But it is no less important to know what is meant by our obeying him. Let not the reader run to the law of Moses, as though that required something in addition to the work and obedience of Christ; but let him enquire into the meaning of Rom. xvi. 26. The obedience of faith; and also Rom. iv. 5. But to him that worketh not, but believeth on him that justifieth the ungodly, his faith is counted for righteousness. And faith which cometh from God, leadeth to God, in dependence upon the work of Christ, and while the recipient of grace can do nothing. Yea, if salvation depended upon one good thought in the creature, he must for ever despair: yet precious faith, led forth by God the Spirit, discovers such an infinite fulness in the person of Emanuel, as causeth the redeemed soul to sing,
“O happy, happy man!
What glorious scenes I view;
I nothing have to do.” Thus in the gospel of free grace, we behold the glory of God in the face of Jesus Christ, and triumph by faith in the efficacy of his blood -the perfection of his righteousness—the prevalence of bis intercession—the freeness of his mercy—the fulness of his grace-the stability of his covenant—and the perpetuity of his love. Of the gospel St. Paul declared himself not ashamed, having proved it to be the power of God to salvation, Rom. i. 16. And in his address to the saints at Galatia he said, I certify to you, brethren, that the gospel which was preached of me is not after man; for I neither received it
of man, neither was I taught it, but by the revelation of Jesus Christ. Gal. i. 11, 12.
As the saints of old were cautioned against another gospel, and exhorted to contend earnestly for the faith once delivered to the saints; surely in this day of awful departure from the simplicity of the scriptures, so manifest in the great mass of religious professors, it becomes the faithful ministers of God to sound an alarm, to warn against antichrist, to expose the delusive systems of mere pretenders to divine knowledge, and to make known the good old way with much plainness of speech. And as this is written exclusively for the benefit of God's covenant family, I beg the reader to consider, that the gospel is wholly of God, to the total exclusion of man's wisdom, ability, or worthiness.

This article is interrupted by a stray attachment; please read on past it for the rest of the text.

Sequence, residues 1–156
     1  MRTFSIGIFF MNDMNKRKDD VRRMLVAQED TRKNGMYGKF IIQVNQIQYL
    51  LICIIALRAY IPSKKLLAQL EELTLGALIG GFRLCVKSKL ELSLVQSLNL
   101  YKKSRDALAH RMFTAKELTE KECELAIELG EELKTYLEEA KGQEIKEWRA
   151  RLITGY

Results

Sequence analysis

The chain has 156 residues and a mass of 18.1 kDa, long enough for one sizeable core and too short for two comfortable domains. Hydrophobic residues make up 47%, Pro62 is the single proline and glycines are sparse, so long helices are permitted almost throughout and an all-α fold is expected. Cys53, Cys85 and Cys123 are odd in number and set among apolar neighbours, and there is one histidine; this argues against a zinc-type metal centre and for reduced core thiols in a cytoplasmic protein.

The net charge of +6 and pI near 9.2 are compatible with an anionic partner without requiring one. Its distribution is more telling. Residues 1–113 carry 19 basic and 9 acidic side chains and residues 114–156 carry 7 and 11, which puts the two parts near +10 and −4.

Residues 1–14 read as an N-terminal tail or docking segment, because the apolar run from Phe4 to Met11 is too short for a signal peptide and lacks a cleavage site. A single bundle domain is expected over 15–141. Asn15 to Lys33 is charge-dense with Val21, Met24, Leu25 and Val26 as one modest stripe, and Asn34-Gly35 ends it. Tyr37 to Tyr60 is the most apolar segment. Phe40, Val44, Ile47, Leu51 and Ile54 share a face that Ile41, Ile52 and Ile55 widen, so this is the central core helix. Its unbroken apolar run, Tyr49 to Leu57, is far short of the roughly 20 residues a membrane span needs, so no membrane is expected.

And in the gospel, the Holy Persons in the glorious Trinity are set forth in their personal acts, and by their personal names, each manifesting a mutual delight in, concern for, and an unalterable determination to save, a number of precious souls, which no man can number. For this purpose, these divine Persons entered into a covenánt before the foundation of the world, in which the objects of their love were chosen, blest, and appointed to eternal glory. See Ps. lxxxix. 3, 4, 19 to 37. Prov. viii. 22 to 31. Isa. xlii. 6, 7.; xlix. 7 to 12. and Eph. i. 3, 4.
In the gospel, the people of Jehovah's choice are taught their security, being knit together in love, and unto all riches of the full assurance of understanding, to the acknowledgment of the mystery of God, and of the Father, and of Christ. Col. ii. 2.
Love is the origin of the gospel; for God is love, and he that dwelleth in love, dwelleth in God, and God in him. 1 John iv. 16. Here the elect have dwelt from everlasting, interested in the covenant purposes, provisions, and promises of love: and such is their oneness,
that they are knit together as an act of divine sovereignty in the holy person of their elect head; the Word that was with God-the Word that was God, creating all things by his eternal power; and the Word that was made flesh and dwelt among us; in whose everlasting arms they were placed by the Father; from wlience none can pluck them. John X. 28. As they were knit together, by election, before time, so were they declared to be gathered in one, by the offering of Jesus, in the fulness of time. John xi. 52. And they were manifestly knit together, in the day of regeneration, by God the Spirit's quickening, cementing grace and they are described in the scriptures by the similitude of the vine and its branches, a foundation and its superstructure, a head and its members; and such are distinguished from all others, as the called out of darkness into God's marvellous light, as taught the fallacy of human foundations, and as led by God the Holy Ghost to Christ Jesus, the only true foundation on which they are knit together, and grow up to an holy temple in the Lord.